Rapid Manual Abilities in Spasmodic Dysphonic and Normal Female Subjects This study quantitatively examined upper extremity motor performance in 18 spasmodic dysphonic females, in comparison to matched normal controls, across variables of finger lift reaction time, index finger tapping speed, and peg placing (Purdue Pegboard) speed. Significant differences were noted for both upper extremities on the finger tapping and pegboard ... Research Article
Research Article  |   March 01, 1990
Rapid Manual Abilities in Spasmodic Dysphonic and Normal Female Subjects
 
Author Affiliations & Notes
  • Michael P. Cannito
    Department of Speech Communication, University of Texas at Austin
  • George V. Kondraske
    Human Performance Institute, University of Texas at Arlington
  • Requests for reprints should be sent to Michael P. Cannito, Department of Speech Communication, University of Texas at Austin, Austin, TX 78712–1089.
Article Information
Research Articles
Research Article   |   March 01, 1990
Rapid Manual Abilities in Spasmodic Dysphonic and Normal Female Subjects
Journal of Speech, Language, and Hearing Research, March 1990, Vol. 33, 123-133. doi:10.1044/jshr.3301.123
History: Received January 30, 1989 , Accepted August 25, 1989
 
Journal of Speech, Language, and Hearing Research, March 1990, Vol. 33, 123-133. doi:10.1044/jshr.3301.123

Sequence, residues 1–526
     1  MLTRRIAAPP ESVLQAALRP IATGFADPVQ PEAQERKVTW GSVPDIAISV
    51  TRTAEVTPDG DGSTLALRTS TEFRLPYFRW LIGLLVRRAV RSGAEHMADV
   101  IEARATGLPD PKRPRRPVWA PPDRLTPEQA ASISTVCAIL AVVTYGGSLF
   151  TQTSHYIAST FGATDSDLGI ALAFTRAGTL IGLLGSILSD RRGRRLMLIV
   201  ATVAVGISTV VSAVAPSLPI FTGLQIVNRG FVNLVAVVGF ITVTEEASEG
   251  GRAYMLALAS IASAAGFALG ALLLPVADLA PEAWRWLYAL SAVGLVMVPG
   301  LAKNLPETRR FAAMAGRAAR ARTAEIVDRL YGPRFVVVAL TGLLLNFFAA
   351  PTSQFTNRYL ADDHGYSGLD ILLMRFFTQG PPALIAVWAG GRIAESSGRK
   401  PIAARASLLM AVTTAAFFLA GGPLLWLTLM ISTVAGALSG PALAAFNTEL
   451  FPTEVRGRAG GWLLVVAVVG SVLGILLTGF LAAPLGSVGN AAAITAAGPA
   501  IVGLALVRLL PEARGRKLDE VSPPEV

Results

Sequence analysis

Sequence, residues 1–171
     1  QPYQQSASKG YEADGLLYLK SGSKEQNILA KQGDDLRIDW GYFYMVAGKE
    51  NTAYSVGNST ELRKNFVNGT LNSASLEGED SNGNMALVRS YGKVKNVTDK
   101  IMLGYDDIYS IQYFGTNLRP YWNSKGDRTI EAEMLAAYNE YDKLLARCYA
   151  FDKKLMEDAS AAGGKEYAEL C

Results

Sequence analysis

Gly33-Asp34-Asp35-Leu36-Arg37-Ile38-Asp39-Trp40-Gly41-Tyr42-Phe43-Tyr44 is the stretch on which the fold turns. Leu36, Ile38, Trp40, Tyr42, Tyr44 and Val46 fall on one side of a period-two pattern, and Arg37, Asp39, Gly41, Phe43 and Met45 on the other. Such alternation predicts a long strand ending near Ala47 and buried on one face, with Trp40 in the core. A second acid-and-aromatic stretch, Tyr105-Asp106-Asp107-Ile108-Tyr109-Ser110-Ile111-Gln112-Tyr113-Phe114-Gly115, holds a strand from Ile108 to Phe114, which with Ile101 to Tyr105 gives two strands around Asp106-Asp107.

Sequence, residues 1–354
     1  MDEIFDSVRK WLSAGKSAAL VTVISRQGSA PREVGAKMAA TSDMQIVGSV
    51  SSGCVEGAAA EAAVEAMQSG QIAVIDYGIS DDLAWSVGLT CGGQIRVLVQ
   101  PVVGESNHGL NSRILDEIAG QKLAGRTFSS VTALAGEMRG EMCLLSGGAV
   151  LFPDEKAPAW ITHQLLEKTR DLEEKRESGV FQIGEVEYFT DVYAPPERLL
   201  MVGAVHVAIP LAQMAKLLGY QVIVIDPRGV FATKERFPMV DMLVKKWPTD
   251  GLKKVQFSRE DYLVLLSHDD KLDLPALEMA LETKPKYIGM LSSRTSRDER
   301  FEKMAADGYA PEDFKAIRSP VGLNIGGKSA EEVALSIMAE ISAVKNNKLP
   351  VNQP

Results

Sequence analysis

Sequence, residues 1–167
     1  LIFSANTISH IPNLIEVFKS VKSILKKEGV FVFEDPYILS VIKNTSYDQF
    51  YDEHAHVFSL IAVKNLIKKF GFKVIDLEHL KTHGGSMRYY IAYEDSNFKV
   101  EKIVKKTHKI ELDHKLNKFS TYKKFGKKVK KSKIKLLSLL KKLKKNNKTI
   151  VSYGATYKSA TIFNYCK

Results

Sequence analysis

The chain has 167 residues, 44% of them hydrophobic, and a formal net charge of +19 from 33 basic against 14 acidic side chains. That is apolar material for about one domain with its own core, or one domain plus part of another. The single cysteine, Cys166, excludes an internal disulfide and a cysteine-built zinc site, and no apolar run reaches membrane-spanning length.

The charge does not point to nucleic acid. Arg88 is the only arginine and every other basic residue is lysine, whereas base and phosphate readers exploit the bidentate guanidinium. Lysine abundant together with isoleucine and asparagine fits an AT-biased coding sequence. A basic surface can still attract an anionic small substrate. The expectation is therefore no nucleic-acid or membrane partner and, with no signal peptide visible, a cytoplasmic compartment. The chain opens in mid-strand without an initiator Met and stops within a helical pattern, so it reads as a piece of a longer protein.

History: Received January 30, 1989; Accepted August 25, 1989

This study quantitatively examined upper extremity motor performance in 18 spasmodic dysphonic females, in comparison to matched normal controls, across variables of finger lift reaction time, index finger tapping speed, and peg placing (Purdue Pegboard) speed. Significant differences were noted for both upper extremities on the finger tapping and pegboard tasks, with better performance by the controls. A linear combination of these manual variables was able to discriminate the spasmodic dysphonic from matched normal subjects with 78% accuracy. Motor performance was uncorrelated with psychometric measures of anxiety and depression in both groups. The dysphonic subjects exhibited a significant correlation between nondominant finger tapping speed and severity ratings of motor speech impairment. Possible localizing significance of these findings is discussed.

ACKNOWLEDGMENT
This study is based in part on the first author’s doctoral dissertation at the University of Texas at Dallas, 1986. He gratefully acknowledges Dr. George M. Gerken for chairing the supervisory committee. It was supported by NIH Grant NS 18276. The authors acknowledge principal investigators, Drs. Frances J. Freeman and Terese Finitzo, for their encouragement and assistance with various aspects of this research. The authors also thank Drs. Harvey M. Sussman and Thomas P. Marquardt for their preliminary reviews of the manuscript. Portions of this article were originally presented at the Annual Convention of the American Speech-Language-Hearing Association, New Orleans, Louisiana, November 1987.
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